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‘We Watched Her Grow Up’: 92-Year-Old Artist Dead; 26-Year-Old Family Friend Says She Killed Her

 A Maryland woman reportedly confessed  to murdering a 92-year-old artist, a family friend the younger woman had first met through the Catholic Worker Movement.

According to the Washington Post, 29-year-old Julia Burch called 911 around 8:30 a.m. Wednesday, confessing to the apparent murder of Nancy Ann Frankel, 92.

The artist and the suspect reportedly lived together in Kensington, and their families had a longstanding connection. Frankel’s son-in-law Bill Streit told the Washington Post that the families first met through the Catholic Worker Movement. The families first met through the Catholic Worker Movement, Streit said.

He told the newspaper that Burch had only moved in with Frankel a few months prior, and descried the arrangement as “win-win” situation: Frankel would have a place to live, with Burch having a place to live.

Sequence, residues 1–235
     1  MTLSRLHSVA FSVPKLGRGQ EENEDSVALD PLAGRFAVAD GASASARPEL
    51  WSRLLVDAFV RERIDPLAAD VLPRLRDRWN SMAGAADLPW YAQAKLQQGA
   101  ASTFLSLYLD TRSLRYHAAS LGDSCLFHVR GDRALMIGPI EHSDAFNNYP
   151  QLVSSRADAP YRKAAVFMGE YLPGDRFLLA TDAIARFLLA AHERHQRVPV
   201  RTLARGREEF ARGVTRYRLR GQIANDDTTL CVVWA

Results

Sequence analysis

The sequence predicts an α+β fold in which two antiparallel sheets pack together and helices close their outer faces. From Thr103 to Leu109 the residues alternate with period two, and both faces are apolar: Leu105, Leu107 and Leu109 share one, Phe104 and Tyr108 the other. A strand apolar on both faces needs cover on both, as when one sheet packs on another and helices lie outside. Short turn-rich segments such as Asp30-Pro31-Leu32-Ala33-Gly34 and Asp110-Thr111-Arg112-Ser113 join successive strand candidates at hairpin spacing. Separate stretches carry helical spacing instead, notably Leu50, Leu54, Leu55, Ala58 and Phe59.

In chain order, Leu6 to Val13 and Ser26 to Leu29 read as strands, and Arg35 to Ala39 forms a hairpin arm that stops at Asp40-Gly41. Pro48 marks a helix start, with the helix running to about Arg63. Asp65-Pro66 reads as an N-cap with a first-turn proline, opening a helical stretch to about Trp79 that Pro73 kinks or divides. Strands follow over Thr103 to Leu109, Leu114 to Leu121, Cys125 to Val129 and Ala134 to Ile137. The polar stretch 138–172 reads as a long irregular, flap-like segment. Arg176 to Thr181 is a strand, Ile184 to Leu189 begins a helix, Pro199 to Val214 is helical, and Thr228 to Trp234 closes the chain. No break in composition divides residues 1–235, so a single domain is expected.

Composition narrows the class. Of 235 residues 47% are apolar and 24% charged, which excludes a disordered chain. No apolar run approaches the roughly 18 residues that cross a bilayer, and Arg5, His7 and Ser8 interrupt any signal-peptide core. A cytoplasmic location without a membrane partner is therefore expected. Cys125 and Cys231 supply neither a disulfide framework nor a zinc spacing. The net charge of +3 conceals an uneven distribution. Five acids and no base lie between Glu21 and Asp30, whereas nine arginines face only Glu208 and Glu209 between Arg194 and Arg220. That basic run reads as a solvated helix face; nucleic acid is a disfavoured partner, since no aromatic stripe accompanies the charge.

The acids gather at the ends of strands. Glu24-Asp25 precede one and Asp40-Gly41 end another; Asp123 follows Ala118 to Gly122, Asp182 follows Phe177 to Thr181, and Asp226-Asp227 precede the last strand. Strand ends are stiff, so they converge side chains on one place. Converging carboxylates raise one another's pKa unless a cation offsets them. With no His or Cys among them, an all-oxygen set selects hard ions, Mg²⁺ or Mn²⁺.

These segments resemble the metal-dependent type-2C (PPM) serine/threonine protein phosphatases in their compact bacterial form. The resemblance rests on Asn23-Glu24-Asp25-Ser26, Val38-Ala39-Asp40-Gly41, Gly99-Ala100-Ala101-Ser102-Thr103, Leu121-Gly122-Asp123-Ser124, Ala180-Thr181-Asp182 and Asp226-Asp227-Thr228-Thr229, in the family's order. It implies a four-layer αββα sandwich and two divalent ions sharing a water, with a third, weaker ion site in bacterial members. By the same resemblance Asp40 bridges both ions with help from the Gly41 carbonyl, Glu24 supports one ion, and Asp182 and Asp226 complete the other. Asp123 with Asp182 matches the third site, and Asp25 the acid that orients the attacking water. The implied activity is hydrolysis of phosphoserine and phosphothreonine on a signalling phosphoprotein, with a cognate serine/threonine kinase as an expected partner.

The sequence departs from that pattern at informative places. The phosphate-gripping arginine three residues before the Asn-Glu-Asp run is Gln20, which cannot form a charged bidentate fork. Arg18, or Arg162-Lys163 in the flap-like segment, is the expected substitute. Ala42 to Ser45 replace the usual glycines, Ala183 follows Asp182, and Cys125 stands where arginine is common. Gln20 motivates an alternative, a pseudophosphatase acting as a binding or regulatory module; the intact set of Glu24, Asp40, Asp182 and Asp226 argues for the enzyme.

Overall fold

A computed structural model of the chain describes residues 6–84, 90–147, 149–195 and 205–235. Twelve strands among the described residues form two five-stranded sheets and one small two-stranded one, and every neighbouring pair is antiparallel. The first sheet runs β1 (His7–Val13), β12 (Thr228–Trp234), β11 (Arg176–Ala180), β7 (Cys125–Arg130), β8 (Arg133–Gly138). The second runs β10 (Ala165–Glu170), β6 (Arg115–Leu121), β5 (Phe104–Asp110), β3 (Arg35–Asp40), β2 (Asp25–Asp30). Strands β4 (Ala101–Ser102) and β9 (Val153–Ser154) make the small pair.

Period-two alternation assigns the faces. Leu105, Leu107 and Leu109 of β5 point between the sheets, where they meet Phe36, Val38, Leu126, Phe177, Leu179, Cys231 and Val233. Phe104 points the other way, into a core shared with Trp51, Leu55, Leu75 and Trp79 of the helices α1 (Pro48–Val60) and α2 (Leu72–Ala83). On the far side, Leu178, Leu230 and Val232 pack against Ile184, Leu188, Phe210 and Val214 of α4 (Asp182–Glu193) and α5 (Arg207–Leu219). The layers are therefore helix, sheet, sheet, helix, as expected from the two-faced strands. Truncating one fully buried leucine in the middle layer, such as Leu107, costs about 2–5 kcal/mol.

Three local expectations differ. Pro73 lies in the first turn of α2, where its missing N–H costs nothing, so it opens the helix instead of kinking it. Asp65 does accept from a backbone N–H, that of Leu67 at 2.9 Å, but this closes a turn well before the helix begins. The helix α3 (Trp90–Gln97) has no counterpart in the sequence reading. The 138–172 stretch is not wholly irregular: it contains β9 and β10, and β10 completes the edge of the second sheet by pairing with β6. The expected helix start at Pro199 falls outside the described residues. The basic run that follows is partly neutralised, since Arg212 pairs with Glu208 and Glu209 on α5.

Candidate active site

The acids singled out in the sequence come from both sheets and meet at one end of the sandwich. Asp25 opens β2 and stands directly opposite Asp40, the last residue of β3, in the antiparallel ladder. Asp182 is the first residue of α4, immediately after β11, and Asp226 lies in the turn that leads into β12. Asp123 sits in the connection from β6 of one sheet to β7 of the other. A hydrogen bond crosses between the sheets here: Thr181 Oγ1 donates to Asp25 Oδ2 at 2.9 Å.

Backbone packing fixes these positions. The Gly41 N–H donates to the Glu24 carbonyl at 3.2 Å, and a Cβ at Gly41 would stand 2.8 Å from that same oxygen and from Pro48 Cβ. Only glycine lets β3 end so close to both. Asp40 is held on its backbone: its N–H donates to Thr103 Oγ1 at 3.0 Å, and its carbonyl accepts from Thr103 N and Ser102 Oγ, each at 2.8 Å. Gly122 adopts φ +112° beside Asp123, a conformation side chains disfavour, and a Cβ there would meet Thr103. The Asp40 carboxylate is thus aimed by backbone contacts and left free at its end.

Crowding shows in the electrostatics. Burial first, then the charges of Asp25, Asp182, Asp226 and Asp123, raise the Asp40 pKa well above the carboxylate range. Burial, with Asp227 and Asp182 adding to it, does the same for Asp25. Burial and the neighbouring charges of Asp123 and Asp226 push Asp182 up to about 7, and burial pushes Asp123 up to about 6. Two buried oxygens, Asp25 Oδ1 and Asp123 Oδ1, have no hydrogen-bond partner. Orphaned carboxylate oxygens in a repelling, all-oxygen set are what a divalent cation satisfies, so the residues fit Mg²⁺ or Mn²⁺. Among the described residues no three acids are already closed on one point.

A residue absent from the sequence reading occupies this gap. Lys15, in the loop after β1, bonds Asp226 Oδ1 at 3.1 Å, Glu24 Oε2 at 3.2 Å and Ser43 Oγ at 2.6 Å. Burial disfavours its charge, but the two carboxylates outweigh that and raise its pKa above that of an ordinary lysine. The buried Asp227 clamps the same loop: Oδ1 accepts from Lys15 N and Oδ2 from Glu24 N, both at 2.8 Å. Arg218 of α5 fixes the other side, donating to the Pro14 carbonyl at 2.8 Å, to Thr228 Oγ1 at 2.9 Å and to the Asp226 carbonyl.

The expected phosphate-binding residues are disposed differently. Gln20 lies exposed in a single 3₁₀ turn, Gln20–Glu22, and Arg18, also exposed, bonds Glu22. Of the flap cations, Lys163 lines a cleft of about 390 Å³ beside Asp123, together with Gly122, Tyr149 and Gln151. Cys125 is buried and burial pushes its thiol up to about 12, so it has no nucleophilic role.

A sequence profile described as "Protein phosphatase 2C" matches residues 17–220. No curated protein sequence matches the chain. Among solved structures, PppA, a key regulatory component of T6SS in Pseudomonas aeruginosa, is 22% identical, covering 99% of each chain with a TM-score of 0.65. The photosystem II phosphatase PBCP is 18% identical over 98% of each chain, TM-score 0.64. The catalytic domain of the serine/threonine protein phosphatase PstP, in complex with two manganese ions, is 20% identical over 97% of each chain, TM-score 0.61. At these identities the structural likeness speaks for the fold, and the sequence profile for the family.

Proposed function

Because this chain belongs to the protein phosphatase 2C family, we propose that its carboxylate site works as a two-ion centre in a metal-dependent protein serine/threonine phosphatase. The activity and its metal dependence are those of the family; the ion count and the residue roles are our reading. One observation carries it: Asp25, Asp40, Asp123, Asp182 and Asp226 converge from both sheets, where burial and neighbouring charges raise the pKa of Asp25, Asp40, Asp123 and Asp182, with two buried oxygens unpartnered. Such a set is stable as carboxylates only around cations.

“We watched her grow up,” Streit told the newspaper. “Even in our wildest imagining, no one would have ever ever ever thought this could possibly happen.”

Authorities have not yet publicly commented on a cause of death or a motive, but charging documents obtained by the Washington Post indicate Frankel was strangled to death.

Frankel was a sculptor whose work had been frequently exhibited in the U.S. and overseas.

This is a developing story. CrimeOnline will provide further updates when more information is available.

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Authorities have not yet released details about the circumstances of the suspected murder. Charging documents obtained by the Washington Post indicate that Burch admitted to suffocating F

Instead, charging documents said, the family learned that Birch had allegedly suffocated Frankel.

Authorities charged Birch with first-degree murder, and she was held without bond, police said.

Birch’s family could not be reached to comment.

The public defender’s office, which represented Birch in court Thursday, declined to comment.

Streit said his late mother-in-law was a lifelong artist who had an art studio in her house that she liked to use with her grandchildren.

She and a friend put together a book about her life, titled
“Nancy @ Ninety: Seven Decades of Sculpture by Nancy Frankel.”

 

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